The New Star
2611 Walnut Street and 2817 East Third Avenue
Chef-restaurateur Jeff Osaka opened two ramen joints this year, the first in neighborhood du jour RiNo, and the second in the more sedate Cherry Creek North. Both are minimalist dens of deep Japanese flavors by way of Los Angeles, where Osaka grew up. His take on kara age might get lost amid luscious basins of ramen and a dozen or so other small plates, but to skip it would be to miss out on some of the best hen in town. His not-so-secret technique (it's on the menu, after all) is bathing the thigh meat in citrus-soy marinade, upping the ante with garlic and ginger, and using a coating that's mainly potato starch so that the bite-sized chicken comes out of the fryer in a light, soft crust with textural similarities to streusel topping. A ramekin of spicy mayo adds tangy zing, but a cold beer is the best accompaniment.
New Tricks From Old Pros
1501 South Pearl Street
Toshi and Yasu Kizaki, the brothers behind the thirty-year success of Sushi Den on Old South Pearl, have reopened Ototo after a three-and-a-half-year hiatus, reinventing the concept as a robatayaki (featuring traditional small plates grilled over charcoal). The place is as lushly appointed as its sibling across the street, but the vibe is a little more casual, and the menu is geared toward food that matches well with drinks. So a simple, crackling plate of kara age punctuated with a blistered shishito pepper and a lemon wedge is an understated but still alluring sample of the kitchen's charms. Think of it as an introduction to a world of other tastes, from thin slices of grilled beef tongue to whole squid cooked over mesquite.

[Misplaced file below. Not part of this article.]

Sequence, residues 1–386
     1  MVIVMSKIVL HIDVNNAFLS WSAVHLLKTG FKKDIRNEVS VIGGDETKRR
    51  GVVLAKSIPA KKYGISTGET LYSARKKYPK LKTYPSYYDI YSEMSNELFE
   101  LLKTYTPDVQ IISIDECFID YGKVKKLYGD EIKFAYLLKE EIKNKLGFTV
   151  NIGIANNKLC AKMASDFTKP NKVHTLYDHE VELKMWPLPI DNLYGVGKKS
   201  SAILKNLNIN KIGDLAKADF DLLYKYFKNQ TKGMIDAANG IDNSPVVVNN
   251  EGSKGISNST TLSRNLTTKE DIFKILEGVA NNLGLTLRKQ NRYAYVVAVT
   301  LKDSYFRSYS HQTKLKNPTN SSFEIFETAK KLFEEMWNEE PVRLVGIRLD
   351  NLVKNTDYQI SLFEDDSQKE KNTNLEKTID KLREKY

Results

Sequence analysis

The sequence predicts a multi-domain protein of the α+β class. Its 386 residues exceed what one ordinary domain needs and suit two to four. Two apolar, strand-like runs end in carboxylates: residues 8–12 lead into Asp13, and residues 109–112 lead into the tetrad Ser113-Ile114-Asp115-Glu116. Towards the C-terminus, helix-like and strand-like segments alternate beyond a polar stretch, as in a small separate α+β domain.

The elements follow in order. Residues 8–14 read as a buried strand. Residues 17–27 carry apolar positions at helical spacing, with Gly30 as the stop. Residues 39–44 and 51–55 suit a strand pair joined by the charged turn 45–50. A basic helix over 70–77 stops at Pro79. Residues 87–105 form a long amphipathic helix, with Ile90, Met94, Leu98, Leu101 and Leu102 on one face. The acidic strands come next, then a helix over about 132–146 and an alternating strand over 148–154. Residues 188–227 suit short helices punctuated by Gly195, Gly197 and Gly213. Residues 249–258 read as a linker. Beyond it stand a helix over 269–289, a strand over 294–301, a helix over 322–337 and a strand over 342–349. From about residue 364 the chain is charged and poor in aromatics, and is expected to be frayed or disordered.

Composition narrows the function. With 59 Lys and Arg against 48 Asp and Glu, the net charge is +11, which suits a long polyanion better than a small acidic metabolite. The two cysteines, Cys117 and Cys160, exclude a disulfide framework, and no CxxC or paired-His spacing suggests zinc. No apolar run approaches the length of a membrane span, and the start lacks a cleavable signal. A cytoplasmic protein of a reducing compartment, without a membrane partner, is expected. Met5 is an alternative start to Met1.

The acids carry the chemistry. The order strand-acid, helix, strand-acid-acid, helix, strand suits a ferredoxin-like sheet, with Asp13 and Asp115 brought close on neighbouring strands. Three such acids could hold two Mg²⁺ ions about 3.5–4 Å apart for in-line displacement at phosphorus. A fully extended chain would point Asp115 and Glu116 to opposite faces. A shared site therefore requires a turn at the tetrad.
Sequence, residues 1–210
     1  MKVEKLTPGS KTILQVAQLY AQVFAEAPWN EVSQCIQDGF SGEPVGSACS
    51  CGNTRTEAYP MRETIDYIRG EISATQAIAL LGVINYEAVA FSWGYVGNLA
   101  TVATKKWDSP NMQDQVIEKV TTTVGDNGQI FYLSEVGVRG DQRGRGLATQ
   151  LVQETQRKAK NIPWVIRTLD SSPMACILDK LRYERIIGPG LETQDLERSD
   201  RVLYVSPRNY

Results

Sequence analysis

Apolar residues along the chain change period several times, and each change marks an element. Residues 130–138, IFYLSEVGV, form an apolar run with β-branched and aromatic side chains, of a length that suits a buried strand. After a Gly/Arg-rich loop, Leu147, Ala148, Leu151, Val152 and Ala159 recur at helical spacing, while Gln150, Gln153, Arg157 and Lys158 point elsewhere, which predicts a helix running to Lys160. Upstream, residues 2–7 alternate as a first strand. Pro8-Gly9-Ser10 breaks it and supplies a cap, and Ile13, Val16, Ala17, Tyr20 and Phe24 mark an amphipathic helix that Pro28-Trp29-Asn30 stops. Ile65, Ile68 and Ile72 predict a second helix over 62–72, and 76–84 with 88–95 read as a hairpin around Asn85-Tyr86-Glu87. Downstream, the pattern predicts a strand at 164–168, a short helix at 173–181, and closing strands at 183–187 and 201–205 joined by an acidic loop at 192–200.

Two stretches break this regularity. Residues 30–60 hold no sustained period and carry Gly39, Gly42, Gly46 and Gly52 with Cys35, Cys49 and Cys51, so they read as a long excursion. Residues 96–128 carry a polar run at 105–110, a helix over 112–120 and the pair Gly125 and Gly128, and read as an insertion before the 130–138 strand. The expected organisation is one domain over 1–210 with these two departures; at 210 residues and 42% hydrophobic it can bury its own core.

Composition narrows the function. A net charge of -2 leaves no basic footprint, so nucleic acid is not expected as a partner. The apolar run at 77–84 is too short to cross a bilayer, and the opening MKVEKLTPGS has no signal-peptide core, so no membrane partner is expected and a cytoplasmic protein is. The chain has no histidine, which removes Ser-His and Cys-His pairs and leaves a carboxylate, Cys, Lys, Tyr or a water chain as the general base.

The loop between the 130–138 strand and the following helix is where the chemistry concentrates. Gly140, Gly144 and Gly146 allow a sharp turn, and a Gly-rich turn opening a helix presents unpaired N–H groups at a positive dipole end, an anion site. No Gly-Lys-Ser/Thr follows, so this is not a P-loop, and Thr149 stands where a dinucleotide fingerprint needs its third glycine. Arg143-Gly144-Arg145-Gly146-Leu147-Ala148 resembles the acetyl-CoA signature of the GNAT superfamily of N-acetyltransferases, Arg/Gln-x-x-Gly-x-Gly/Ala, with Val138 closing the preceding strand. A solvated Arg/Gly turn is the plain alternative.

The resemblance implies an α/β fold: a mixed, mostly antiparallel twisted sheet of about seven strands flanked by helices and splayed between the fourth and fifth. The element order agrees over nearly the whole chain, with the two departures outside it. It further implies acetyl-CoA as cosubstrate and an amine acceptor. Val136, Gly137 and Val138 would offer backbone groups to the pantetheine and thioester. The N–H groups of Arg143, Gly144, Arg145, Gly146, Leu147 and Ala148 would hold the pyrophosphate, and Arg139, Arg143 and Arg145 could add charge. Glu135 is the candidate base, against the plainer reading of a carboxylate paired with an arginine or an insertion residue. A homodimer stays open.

The Hidden Gem
Sakana Sushi & Ramen
7520 Sheridan Boulevard, Westminster
Sakana opened just over a year ago as a tiny twenty-seater stashed in a Westminster strip mall. Don't let the unassuming exterior fool you, though; inside is cozy, modern and enticing, with exquisite raw fish, rich ramen and a handful of seldom-seen small plates. Along with perfectly spherical takoyaki (octopus fritters) and geso-age (deep-fried squid), you'll also find a humble bowl of kara age so pared down to its prime elements — crunchy cornmeal and juicy chicken thigh meat — that it almost comes across as soul food. Touched with a squirt of lemon, it's a homey way to start before plunging into a milky bowl of spicy miso ramen.